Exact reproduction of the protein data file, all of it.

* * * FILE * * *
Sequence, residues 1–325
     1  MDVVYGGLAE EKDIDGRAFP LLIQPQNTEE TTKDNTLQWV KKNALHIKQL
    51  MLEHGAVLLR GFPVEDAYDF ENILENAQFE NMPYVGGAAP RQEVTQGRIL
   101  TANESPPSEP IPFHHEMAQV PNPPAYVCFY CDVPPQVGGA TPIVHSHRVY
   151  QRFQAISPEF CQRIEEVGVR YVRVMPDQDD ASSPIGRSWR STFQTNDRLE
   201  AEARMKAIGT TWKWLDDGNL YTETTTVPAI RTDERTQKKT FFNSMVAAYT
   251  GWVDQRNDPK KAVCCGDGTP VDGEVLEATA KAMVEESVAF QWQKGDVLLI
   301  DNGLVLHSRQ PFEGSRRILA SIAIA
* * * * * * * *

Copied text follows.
Sequence, residues 1–325
     1  MDVVYGGLAE EKDIDGRAFP LLIQPQNTEE TTKDNTLQWV KKNALHIKQL
    51  MLEHGAVLLR GFPVEDAYDF ENILENAQFE NMPYVGGAAP RQEVTQGRIL
   101  TANESPPSEP IPFHHEMAQV PNPPAYVCFY CDVPPQVGGA TPIVHSHRVY
   151  QRFQAISPEF CQRIEEVGVR YVRVMPDQDD ASSPIGRSWR STFQTNDRLE
   201  AEARMKAIGT TWKWLDDGNL YTETTTVPAI RTDERTQKKT FFNSMVAAYT
   251  GWVDQRNDPK KAVCCGDGTP VDGEVLEATA KAMVEESVAF QWQKGDVLLI
   301  DNGLVLHSRQ PFEGSRRILA SIAIA